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After reading a bit about the Traffic Manager in Azure I decided to take it for a bit of a test drive. I was curious to see exactly how easy it would be to set it up in a way so you can achieve the best global availability of an EPiServer CMS website. That is – making the website fast for internet users all around the world.
Mind you – for many the best approach to this is still a CDN solution where you have an automatic cache of your larger assets (images, videos, scripts and so on) on many servers around the world. But the approach I’m writing about today is the idea of having multiple front-end website servers around the world – and a traffic manager that automatically direct people to the server farm nearest them.
First of all – setting up the sites in the Azure cloud in the first place is easy enough – there are plenty of articles and blog posts describing how to do it. I might even do a short video on it when I find time – just because it makes deployment so simple that it’s a blast. Shortly put it’s a matter of preparing your solution for Azure (very few steps, if any), potentially upload your database to SQLAzure (although that can also be done in the publish process I tend to favor this great tool) and then go through the publish wizard in Visual Studio that’ll take care of the rest.
Through the wizard you can even create the website in Azure – and decide on the hosting location. This can of course also be setup through Git – or integrated to VSOnline or Github using continues integration (very cool!) but I digress.
For my experiment I chose the Qjet website which I already had set up in Azure in the US with both database, blob storage and website – along with a US based EPiServer Find service connection. Running in Azure it’s easy to scale up the number of instances of the website at the same location – by simple increasing the Instance count in the Azure manager or setup automatic scaling, but that’s not really what I’m looking for here. That would help with a load increase on the site – but now I’m investigating how to lower network lag to places geographically far away.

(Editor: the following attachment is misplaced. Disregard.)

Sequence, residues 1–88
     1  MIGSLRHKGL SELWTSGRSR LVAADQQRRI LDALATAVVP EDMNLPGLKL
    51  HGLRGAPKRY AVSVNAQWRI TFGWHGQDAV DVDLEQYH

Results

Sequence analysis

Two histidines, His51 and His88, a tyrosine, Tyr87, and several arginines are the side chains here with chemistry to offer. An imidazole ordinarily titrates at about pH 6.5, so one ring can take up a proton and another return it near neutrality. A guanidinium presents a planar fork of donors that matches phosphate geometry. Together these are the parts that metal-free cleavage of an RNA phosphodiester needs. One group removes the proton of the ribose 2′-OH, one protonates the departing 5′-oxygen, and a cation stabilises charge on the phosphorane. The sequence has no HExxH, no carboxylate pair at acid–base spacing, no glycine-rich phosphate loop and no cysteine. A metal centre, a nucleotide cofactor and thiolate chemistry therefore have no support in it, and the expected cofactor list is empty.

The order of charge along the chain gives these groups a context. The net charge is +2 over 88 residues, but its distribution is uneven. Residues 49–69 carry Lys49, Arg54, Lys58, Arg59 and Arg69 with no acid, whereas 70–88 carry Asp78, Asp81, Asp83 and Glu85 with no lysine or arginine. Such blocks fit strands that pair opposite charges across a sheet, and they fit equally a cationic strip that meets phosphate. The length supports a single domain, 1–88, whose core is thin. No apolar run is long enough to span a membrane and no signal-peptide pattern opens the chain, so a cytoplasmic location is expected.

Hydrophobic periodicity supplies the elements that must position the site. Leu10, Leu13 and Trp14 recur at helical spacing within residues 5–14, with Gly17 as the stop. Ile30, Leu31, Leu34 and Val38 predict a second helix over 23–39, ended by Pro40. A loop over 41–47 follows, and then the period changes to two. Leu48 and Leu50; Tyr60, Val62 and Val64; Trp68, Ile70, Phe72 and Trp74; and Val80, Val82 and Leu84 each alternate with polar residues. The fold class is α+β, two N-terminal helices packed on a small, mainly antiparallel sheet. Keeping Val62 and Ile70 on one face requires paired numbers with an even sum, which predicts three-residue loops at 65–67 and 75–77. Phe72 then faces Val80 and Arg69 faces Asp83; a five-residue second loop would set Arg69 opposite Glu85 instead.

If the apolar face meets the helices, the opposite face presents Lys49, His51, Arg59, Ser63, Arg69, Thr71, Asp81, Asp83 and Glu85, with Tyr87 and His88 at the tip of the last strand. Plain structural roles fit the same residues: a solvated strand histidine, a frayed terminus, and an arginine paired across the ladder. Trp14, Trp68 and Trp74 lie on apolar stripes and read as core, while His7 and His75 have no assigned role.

To keep the experiment simple, I decided to just begin by starting up another website in Europe, but keep the database, the blob storage and Find in the US. While that might sound like a weird choice it actually does make some sense, since EPiServer is quite efficient in it’s local caching. Both in the Find Queries, but certainly also in the content loaded from the database. Images and scripts are usually client-cached. And somehow I also have a naïve trust that there’s probably a pretty thick wire connecting the different Azure server farms.
So – for simplicity I simply deployed my site to Europe as well as the US, but keeping the connection strings to the US blob storage and SQLAzure and Find.
A little side-note: I really like the Azure manager – small things like you can hit the WebMatrix button on any website and instantly you can edit the code for a live website straight on the server. I know it’s wrong, but it feels so right
Anyway – now for the cool trick: In comes the Traffic Manager!
Again, in Azure Management you just go to Traffic Managers and add one.
You can then pick from 3 load-balancing methods. The default, Performance, is the one I’ll go with. I will point to the server that will give the client the best possible performance (e.g. typically the closest). You could also choose Fail-over, that directs all traffic to 1 server, except for when it fails – or the Round-Robin that simply distributes the traffic equally.
Then, all you have to do is add your end-points (pick your websites from a list) and they’ll be available for traffic from the manager.
Now, I can call qjet.azurewebsites.net to go to the US, qjeteu.azurewebsites.net to go to the european and qjet.trafficmanager.net to go to the one closests to me. It’s that easy! (mind you, I’ll probably take down some of the sites now that my experiments are done – so don’t expect them to work).
I used http://cloudmonitor.ca.com/en/checkit.php to check load time of the start page for each site – after the site had pre-loaded on each of the hosts.
The start page of Qjet has a few Find calls and a couple of images along with the content – yet it still shows an interesting improvement:
The Qjet TM is the Traffic Manager. CH Visitor is a Chinese visitor. You’ll note that the TM add’s a little overhead, but generally brings down the load time to an acceptable level throughout.
The advantage to only 1 database and Blob storage as I have here is of course that you don’t run into any Sync issues as you might with multiple databases in the situation where you have editor all around the world (1-way staging of databases is usually not a major problem, it’s the bidirectional that can be tricky). So – following that case I decided to take a look at how it would be to do Editing around the world using this setup. Again, for simplicity (and because I have a tendency to be lazy) I just used the same tool to measure time to download the Login page to edit-mode.
So, in this case, all the content we load is local from the website – no Find calls, no media, no database. But we see the same tendency. The trafficmanager does add a little bit of overhead to the fastest times, but it’s well paid back in Global Availability.
Azure has recently introduced a Preview feature called DataSync that allows you to setup bi-directional syncing of Azure databases in different datacenters. Sounds exciting as an alternative to traditional mirroring – but that’s something I’ll leave for another experiment to explore…